Have you thought about snow globes lately? The cool souvenir of your childhood is coming back in a big way thanks to Snow Day
. The St. Louis-based company makes custom snow globes using cutting-edge technology, and you can see the results at the Snowball
. Snow Day commissioned Alicia LaChance, Sarah Paulsen, Justin Tolentino and more than 30 other local artists to construct unique, small-house models. Each model is then captured from all sides and angles using digital video, which is then fed into a computer using a special program. The computer file is exported to a state-of-the-art, full-color 3D printer, which forms a three-dimensional model to be placed inside a globe, creating a one-of-a-kind keepsake. See and bid on the finished products at the Snowball's silent auction, with proceeds going to St. Louis Winter Outreach's Assisi House, which helps homeless people transition to housing. The Snowball runs from 7 to 11 p.m. Saturday, November 10, at Rockwell Beer Company (1320 South Vandeventer Avenue; www.itsasnowday.com
), and also features live music by the Heavenly States, DJ Thomas Crone (he does many other things as well, including write for the RFT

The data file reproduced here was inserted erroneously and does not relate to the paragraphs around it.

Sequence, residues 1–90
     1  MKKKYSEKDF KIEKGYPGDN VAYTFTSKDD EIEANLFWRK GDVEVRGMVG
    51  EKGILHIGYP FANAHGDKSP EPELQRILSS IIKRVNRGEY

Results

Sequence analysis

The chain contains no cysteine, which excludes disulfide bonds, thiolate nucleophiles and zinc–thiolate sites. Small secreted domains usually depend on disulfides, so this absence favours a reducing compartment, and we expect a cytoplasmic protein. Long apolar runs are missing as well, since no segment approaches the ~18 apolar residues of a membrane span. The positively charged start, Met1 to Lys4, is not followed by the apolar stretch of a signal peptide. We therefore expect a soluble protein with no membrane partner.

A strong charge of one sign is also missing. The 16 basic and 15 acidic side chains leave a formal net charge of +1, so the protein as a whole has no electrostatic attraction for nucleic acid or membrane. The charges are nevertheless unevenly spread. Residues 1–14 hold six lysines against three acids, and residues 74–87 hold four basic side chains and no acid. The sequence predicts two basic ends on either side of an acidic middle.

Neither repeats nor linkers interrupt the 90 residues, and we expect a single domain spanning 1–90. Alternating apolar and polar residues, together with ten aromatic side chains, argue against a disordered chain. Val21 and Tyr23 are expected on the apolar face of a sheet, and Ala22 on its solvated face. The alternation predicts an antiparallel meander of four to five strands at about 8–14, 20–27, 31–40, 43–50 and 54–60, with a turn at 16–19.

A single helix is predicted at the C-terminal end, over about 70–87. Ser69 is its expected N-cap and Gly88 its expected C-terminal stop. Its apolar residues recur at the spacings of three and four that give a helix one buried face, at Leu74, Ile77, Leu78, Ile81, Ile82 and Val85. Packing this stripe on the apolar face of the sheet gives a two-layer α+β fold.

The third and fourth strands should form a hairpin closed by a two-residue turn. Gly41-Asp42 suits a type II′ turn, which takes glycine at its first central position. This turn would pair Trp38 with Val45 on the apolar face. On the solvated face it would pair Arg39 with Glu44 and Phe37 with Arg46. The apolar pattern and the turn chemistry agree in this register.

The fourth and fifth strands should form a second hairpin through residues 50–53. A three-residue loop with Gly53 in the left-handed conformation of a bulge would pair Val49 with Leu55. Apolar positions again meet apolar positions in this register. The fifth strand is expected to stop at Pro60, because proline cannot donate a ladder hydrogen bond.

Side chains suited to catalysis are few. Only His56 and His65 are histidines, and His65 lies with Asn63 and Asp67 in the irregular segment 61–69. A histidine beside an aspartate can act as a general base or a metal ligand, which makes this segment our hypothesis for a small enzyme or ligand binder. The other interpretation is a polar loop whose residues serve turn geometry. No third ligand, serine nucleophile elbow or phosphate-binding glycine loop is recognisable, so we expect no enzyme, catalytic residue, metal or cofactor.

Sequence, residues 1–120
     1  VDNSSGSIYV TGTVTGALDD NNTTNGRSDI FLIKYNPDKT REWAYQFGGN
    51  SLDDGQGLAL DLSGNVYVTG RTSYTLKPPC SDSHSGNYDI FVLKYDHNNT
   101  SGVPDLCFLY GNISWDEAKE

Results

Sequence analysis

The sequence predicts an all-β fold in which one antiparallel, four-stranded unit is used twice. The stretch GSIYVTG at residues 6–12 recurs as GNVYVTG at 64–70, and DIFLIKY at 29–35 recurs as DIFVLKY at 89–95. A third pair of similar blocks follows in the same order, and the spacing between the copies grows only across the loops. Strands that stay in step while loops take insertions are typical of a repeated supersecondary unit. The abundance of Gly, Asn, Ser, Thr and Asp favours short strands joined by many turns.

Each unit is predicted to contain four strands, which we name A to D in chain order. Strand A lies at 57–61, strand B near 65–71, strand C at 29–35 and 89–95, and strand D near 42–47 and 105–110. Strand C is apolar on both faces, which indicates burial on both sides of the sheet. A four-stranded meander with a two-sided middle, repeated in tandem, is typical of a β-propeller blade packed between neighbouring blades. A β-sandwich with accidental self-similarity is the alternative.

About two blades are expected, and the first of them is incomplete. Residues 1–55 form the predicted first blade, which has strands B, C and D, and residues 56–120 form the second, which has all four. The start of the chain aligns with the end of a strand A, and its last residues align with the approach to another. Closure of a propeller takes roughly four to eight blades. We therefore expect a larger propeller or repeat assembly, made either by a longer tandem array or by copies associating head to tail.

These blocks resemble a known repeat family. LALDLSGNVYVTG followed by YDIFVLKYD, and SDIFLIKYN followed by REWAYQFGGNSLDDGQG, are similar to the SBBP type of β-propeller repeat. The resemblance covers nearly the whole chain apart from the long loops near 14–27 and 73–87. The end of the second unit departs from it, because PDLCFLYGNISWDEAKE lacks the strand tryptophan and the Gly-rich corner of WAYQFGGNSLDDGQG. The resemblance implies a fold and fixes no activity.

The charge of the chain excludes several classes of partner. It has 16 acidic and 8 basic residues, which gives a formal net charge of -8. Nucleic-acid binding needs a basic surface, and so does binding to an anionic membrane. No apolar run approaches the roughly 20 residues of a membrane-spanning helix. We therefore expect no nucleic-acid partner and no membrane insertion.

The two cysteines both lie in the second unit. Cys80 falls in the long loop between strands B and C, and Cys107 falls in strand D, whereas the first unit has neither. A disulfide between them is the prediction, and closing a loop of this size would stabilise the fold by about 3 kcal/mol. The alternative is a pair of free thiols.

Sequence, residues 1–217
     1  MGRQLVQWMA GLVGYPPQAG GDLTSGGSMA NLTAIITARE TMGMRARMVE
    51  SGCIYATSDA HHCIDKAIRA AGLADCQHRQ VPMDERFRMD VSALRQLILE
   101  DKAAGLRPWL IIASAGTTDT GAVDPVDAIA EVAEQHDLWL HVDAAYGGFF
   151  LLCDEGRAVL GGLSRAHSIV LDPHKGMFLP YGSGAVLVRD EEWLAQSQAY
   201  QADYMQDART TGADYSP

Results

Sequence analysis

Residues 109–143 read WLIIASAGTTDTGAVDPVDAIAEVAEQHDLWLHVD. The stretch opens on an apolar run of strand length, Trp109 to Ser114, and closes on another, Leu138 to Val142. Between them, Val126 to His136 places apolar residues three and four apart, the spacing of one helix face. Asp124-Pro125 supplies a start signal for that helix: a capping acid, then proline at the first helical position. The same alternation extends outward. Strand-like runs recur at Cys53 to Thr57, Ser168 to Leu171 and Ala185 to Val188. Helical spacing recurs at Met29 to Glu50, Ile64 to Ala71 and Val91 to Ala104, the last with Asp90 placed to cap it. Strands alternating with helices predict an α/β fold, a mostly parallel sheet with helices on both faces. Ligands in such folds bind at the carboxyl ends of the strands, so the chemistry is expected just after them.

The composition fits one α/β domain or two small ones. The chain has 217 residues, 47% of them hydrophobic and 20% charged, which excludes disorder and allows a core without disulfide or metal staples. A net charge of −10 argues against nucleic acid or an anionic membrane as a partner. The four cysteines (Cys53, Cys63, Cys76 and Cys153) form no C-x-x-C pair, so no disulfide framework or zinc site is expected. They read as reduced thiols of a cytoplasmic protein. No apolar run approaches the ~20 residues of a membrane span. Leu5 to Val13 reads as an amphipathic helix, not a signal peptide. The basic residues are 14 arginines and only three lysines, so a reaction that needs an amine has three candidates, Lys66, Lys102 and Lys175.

) and co-hosts Kat Kissick, Maxi Glamour and Michelle Schaeffer. Admission is free.
4. The Swashbuckler's Swashbuckler
It's no understatement to say that Douglas Fairbanks
was one of the people who made Hollywood what it is today. The silent-age actor was both dashing and daring, playing a jaunty Robin Hood and an exuberant Zorro while doing his own stunts. At the time Fairbanks was working, Hollywood was more artists' colony than cinematic capital of the world. When he joined with his fiancee Mary Pickford and friends Charlie Chaplin and D.W. Griffith to create the United Artists studio, they laid the foundation for the modern showbiz industry. The documentary I, Douglas Fairbanks
uses film clips, newsreels and first-person narration (provided by actor Peter Facinelli) to tell the story of the "King of Hollywood" and how his kingdom came to be. Also on the bill is the Alan Dwan silent film The Halfbreed
, Fairbanks' stab at being a serious actor, with the original score and live accompaniment by the Rats & People Motion Picture Orchestra. The double bill is shown at 7 p.m. Saturday, November 10, at Webster University's Moore Auditorium (477 East Lockwood Avenue; www.cinemastlouis.org
) as part of the St. Louis International Film Festival. Tickets are $20.
5. Revolutionary Art
The 1960s were a period of social upheaval and radical change in America, and no art form captured that churning spirit better than printmaking. Printmakers have always had one foot in the commercial art world and one in the realm of fine art, and that hybrid nature allows them to adapt to new technologies and new thinking more quickly than, say, sculptors. Graphic Revolution: American Prints 1960 to Now